|Did John Paul II make sex the eighth sacrament? Read on ...|
Real Theology of the Body (as opposed to the spurious version being sold to us by Christopher West and the Westians) is, though you'd never guess this, not really about sex.
It's about the mutual gift of one person to another - which we understand most concretely in the form of marriage. Far from focusing on sex, or nudity, or orgasms, John Paul's insights in these "meditations" occasionally reach dizzying heights and profound depths. For instance ...
The analogy of spousal love seems to emphasize especially the aspect of the gift of self on the part of God to man, "for ages" chosen in Christ (literally: to "Israel," to the "Church")—a total (or rather radical) and irrevocable gift in its essential character, that is, as a gift. This gift is certainly radical and therefore total. We cannot speak of that totality in a metaphysical sense. Indeed, as a creature man is not capable of receiving the gift of God in the transcendental fullness of his divinity. Such a total gift (uncreated) is shared only by God himself in the triune communion of the Persons. On the contrary, God's gift of himself to man, which the analogy of spousal love speaks of, can only have the form of a participation in the divine nature (cf. 2 Pt 1:4), as theology makes clear with very great precision. Nevertheless, according to this measure, the gift made to man on the part of God in Christ is a total, that is, a radical gift, as the analogy of spousal love indicates. In a certain sense, it is all that God could give of himself to man, considering the limited faculties of man, a creature. In this way, the analogy of spousal love indicates the radical character of grace, of the whole order of created grace.
What JP2 is saying here is that spousal love is an analogy for a radical gift of God to man: the unconditional gift of spouse to spouse in Matrimony is a sign that points to the unconditional gift of God to man in redeeming him, as "Christ loved the Church and gave Himself up for her" (Eph. 5:25). Earlier, John Paul speaks of how this image of mutual and total gift of self is written into the very body and soul of man, even before the Fall, from the beginning, in the complemenarity of the sexes and in the completion of self that Adam finds in Eve. He also explains why this informs the words of Jesus when Our Lord forbids divorce and remarriage and condemns even adultery in the heart.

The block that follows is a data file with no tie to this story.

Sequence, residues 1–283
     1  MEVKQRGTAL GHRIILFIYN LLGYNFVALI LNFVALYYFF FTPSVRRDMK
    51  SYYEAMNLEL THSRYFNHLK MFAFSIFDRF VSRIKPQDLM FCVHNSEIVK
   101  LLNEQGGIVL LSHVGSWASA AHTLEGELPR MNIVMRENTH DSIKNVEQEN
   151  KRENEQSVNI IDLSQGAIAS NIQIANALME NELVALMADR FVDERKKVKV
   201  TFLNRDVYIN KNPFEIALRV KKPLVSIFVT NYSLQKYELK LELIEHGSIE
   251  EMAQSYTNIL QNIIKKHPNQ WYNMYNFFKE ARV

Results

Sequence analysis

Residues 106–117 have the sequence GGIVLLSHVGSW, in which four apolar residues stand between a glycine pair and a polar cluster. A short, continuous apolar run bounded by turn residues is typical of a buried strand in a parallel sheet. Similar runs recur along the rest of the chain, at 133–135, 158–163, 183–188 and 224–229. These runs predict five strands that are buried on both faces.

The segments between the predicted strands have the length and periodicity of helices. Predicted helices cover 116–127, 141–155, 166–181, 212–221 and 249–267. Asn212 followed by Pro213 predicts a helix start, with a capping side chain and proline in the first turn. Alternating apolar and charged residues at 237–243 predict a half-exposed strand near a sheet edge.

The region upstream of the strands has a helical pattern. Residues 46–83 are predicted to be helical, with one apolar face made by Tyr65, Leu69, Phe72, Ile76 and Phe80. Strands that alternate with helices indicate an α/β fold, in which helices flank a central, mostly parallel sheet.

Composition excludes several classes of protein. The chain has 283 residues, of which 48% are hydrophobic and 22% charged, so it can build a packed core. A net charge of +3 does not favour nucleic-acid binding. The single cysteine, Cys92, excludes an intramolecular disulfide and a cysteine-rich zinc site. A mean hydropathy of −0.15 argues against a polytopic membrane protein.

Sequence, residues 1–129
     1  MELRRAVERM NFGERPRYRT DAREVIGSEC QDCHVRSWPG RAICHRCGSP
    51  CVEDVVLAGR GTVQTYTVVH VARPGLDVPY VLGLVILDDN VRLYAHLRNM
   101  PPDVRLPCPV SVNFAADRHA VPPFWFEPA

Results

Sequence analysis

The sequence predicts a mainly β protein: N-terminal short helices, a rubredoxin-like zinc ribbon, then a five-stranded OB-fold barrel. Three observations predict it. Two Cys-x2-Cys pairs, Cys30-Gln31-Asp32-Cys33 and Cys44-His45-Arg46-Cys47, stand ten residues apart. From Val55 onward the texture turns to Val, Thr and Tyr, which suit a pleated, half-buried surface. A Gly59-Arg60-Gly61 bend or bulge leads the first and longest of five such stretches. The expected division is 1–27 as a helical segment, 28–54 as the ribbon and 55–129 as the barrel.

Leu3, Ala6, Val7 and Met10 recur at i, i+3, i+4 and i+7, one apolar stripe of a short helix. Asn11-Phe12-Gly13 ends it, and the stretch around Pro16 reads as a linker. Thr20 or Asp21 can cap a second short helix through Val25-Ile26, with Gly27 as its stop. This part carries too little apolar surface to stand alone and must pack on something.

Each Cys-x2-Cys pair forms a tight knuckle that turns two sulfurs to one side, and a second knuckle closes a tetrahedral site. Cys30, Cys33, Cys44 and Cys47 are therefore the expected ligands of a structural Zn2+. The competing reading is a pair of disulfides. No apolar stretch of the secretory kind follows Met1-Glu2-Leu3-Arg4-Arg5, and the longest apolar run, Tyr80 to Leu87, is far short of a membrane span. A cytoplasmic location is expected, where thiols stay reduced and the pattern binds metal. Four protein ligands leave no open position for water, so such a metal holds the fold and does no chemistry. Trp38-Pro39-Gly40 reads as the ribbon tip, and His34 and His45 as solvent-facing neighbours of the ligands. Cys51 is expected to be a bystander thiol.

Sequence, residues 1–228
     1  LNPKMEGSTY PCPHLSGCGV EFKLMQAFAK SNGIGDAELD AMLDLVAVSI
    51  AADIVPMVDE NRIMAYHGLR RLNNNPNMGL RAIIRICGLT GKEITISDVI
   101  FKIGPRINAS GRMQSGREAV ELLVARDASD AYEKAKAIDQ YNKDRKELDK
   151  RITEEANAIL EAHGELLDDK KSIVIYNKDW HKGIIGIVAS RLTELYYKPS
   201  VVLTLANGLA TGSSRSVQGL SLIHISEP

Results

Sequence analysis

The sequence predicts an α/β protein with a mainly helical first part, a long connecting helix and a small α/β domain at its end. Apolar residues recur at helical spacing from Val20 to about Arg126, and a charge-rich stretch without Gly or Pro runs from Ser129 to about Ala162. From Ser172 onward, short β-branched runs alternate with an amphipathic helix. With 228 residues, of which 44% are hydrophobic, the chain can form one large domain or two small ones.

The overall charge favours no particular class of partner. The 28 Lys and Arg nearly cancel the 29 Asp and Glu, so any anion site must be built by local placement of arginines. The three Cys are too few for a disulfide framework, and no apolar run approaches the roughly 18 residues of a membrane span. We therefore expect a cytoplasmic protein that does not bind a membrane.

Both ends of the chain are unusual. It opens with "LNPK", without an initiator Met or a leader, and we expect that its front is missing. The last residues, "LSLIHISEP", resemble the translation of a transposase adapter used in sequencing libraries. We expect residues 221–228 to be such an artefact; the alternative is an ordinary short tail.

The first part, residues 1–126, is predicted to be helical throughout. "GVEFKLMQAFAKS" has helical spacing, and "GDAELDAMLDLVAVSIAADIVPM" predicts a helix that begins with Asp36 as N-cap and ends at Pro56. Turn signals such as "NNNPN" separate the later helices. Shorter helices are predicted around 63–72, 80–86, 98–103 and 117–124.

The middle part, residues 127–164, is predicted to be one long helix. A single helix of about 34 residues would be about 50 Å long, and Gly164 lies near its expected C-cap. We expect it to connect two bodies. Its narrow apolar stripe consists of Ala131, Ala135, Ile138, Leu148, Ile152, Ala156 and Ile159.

But, more than that, this spousal love, this complete gift of God to man, a gift even unto suffering and ignominious death "indicates the radical character of grace, of the whole order of created grace."
All grace - in other words, all gratuitously given help from God - has this radical character. All grace, even actual grace - the little insights God gives you throughout the day, the gifts of patience and endurance when dealing with difficult situations, healing from a headache, the calming of anxiety, the ability to avoid a temptation - every single gift of God that dwells in us, even for passing moments and even when we ignore them: every one of these small and passing gifts have the character of the Coming of Jesus the Groom to His bride the Church (see Rev. 22:17), of an eternal love that gives itself fully and without constraint.
That is profound.
And that is much much different from the pop notion of Theology of the Body that is constantly being shoved down our throats.
For instance, an article in the Pittsburgh Post-Gazette today lauds JP2 as the world's greatest "sex educator". The reporter writes ...
While his teachings are thick with the vocabulary of philosophy, anthropology and biblical scholarship, John Paul talked candidly about marital sex as an icon of divine love -- akin to the way Catholics believe that the physical stuff of bread, wine and water convey a spiritual power in the sacraments.
Sex is a sacrament - such is the message that Christopher West has communicated to his audiences.
"Marital sex" is "an icon of divine love"? No, the icon of divine love is human love in its fullness, especially in the total gift of self to self in marriage and in the total gift of self to God in lives of continence. If there's an icon of divine love, it's marriage. Or better yet, it's virginity (the priesthood, religious life, consecrated virgins) - for expressing love in a virginal way is closer to how we will love in our redeemed bodies in the world to come (see Mat. 22:30). The icon of divine love is either marriage (which includes "marital sex") or virginity (which does not); the icon is not sex itself, nor is sex the eighth "sacrament".
To turn the philosophy, theology and the depth of prayer and meditation that went into John Paul's Wednesday Audiences into a weird deification of the sex act is shameful.
But, then again, West and his popularized version of the Theology of the Body, though strutting about like the Emperor in his New Clothes, are Naked without Shame.